12
The Greater Good

THE STOCK MARKET crash was but the overture to an extended period of economic devastation. In 1931, the bond market plummeted. A year later, the mortgage market succumbed. By the fall of 1932, both industrial production and national income had fallen precipitously. Steel plants were running at only 12 percent of capacity. Industrial construction had declined to a mere 7.7 percent of its 1929 level. Institutional figures, viewed together, are overwhelming:

Between 1929 and 1933 the GNP fell from $103.1 billion to $55.6 billion. . . . Between 1929 and 1932 more than one hundred thousand American businesses failed, the total net profits of private corporations dropped from $8.4 to $3.4 billion, and total industrial productivity fell off 51 percent. lion 1929 to 1932 the value of both American imports and American exports declined by more than two thirds. 1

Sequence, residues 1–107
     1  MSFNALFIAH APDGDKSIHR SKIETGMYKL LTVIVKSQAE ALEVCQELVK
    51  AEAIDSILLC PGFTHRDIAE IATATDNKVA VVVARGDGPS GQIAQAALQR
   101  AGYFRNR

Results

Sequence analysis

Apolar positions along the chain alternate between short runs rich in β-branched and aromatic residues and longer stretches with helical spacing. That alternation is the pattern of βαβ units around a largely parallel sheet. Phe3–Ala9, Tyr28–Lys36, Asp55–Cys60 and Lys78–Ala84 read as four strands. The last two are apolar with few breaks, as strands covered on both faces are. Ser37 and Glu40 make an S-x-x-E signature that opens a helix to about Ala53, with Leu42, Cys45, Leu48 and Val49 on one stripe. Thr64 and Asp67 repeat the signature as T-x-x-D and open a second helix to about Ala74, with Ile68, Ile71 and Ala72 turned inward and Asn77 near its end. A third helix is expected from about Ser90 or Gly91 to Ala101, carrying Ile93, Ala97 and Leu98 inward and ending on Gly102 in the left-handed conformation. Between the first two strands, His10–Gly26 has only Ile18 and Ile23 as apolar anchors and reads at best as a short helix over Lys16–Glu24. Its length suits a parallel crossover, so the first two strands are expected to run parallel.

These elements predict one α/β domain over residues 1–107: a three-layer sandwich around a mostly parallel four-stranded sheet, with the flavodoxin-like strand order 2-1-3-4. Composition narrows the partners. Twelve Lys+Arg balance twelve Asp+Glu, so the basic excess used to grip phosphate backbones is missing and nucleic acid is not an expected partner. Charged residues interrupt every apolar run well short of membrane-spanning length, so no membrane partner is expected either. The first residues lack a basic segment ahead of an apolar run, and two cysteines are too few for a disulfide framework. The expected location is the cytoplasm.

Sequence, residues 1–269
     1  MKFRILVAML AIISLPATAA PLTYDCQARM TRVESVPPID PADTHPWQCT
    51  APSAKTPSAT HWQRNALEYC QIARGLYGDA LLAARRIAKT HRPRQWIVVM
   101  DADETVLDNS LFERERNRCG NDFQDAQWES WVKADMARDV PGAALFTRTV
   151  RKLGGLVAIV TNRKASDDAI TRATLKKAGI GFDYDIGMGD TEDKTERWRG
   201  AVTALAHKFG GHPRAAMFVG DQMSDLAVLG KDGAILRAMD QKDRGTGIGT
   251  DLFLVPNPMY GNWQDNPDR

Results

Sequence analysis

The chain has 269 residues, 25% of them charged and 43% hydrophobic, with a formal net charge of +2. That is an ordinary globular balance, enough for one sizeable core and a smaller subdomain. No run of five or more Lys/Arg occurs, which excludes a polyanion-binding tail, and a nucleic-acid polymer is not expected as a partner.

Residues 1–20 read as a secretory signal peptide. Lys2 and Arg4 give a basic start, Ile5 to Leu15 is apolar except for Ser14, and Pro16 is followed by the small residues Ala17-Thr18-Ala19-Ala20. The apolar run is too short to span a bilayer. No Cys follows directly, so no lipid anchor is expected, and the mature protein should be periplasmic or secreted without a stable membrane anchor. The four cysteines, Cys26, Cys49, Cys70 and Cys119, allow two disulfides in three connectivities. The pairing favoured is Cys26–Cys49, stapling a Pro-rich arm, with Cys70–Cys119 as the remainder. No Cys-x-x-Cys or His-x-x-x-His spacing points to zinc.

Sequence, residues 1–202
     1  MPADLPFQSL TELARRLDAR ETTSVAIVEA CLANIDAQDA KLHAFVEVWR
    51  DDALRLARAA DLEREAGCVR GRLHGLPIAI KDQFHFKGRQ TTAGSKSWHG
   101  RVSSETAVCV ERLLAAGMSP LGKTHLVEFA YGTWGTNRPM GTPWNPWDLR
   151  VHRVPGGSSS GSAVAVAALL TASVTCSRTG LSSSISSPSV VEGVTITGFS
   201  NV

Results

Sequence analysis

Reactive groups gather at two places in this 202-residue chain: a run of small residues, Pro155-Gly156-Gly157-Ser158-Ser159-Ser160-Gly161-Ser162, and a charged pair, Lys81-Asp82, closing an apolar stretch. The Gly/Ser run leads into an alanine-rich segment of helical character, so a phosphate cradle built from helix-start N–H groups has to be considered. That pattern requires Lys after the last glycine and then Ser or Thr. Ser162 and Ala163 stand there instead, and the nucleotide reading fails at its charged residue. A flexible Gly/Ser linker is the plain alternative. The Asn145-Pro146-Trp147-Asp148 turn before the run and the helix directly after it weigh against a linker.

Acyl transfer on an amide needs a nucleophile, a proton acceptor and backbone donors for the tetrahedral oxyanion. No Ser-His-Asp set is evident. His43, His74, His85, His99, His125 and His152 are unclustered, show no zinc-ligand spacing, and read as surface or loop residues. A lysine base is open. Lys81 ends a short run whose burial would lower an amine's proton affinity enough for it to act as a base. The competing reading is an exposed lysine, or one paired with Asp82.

Beneath the surface of these statistical catastrophes, the human toll was enormous. The industrial labor market had evaporated, and by 1932 between 12 million and 17 million people--a quarter to a third of the American workforce--were out of work. Among those still employed, many held part-time jobs at reduced wages, enduring a state of relentless insecurity. Farm income, which had been severely depressed throughout the twenties, was decimated even further, falling from $11 billion to $5 billion nationwide between 1929 and 1932. Banks were failing, and with them, a multitude of life savings became irretrievable. Many people who had ridden the bubble of prosperity during the twenties were now plunged into desperate times. Homeless

-233-

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